“For months after the strike was over, ministers often alluded in conversation to the strange ingratitude of the British public…When the strike ended there was no full-throated roar of approval of the kind which had been heard, almost universally, when the Argentineans surrendered in Port Stanley.” 5

Had the miners not struggled as they did, many other anti-working class measures would have been introduced earlier than they were.

But, eventually, dizzy with her own success, Thatcher began a policy of deindustrialisation of British industry and further impoverishment of working class and middle-class people.

For a new generation of union activists, the real lessons of the strike now need to be drawn out. After 25 years, there are new signs of militancy in Britain and internationally, displaying once again the type of militant, fighting spirit that the miners’ struggle embodied.

The new generation of union members are becoming less intimidated by the anti-union laws brought in by Thatcher and invoked ever since as reasons for not striking. Today’s trade union leaders, unfortunately even the majority of those claiming to be on the left, still fail to address crucial questions arising from the strike.


These include the role of mass picketing, democracy and leadership within the trade unions, the state, how to organise solidarity action, the role of Left leadership, what economic alternative trade unionists and socialists should put when an industry is claimed to be declining and crucially, what programme and strategy for the trade unions is applicable today.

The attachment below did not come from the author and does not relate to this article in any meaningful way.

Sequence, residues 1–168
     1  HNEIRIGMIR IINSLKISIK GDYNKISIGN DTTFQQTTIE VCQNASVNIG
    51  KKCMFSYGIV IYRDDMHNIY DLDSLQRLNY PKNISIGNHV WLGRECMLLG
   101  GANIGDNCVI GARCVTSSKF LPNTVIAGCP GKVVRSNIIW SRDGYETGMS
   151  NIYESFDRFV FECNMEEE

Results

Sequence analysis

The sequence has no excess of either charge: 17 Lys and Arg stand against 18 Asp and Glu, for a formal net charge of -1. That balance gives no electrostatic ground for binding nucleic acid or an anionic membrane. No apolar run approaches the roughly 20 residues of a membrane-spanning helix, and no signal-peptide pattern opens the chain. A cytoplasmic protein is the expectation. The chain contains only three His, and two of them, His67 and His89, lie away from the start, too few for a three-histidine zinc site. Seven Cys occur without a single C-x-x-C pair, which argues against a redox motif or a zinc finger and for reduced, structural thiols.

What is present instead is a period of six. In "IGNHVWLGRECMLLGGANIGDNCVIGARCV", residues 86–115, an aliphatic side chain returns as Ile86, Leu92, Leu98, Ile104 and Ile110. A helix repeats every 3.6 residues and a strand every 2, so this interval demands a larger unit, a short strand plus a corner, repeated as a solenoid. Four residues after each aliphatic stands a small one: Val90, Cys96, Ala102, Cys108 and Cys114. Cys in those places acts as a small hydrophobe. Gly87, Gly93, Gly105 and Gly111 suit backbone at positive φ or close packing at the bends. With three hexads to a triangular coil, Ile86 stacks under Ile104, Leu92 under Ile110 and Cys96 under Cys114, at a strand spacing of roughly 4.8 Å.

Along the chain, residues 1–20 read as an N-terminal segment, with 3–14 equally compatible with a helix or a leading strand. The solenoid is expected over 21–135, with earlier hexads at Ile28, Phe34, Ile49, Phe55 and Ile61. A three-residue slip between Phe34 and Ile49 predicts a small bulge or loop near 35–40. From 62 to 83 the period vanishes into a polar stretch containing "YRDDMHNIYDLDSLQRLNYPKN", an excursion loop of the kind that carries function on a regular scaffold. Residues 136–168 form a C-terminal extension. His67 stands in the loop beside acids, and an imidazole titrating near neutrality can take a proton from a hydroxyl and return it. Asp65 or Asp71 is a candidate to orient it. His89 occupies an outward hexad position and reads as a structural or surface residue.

New generations will return to the lessons of the strike to ensure they are better equipped to win their own industrial battles and succeed in the socialist struggle to change society.

But, the most important lesson the miners’ strike taught the generation who lived through it and is still applicable today, is that it showed the willingness of working-class people to struggle and try to change society. That willingness and anger has intensified in the struggles since. What has been lacking however, is a mass party and leadership capable of taking workers’ struggles to victory.

1 New Statesman, 14 December 1984

2 Daily Mail, 21 January 1984

3 Interviewed on a Channel Four Dispatches programme in 1994

4 The Enemy Within, Seumas Milne, Verso, London 1994, page 17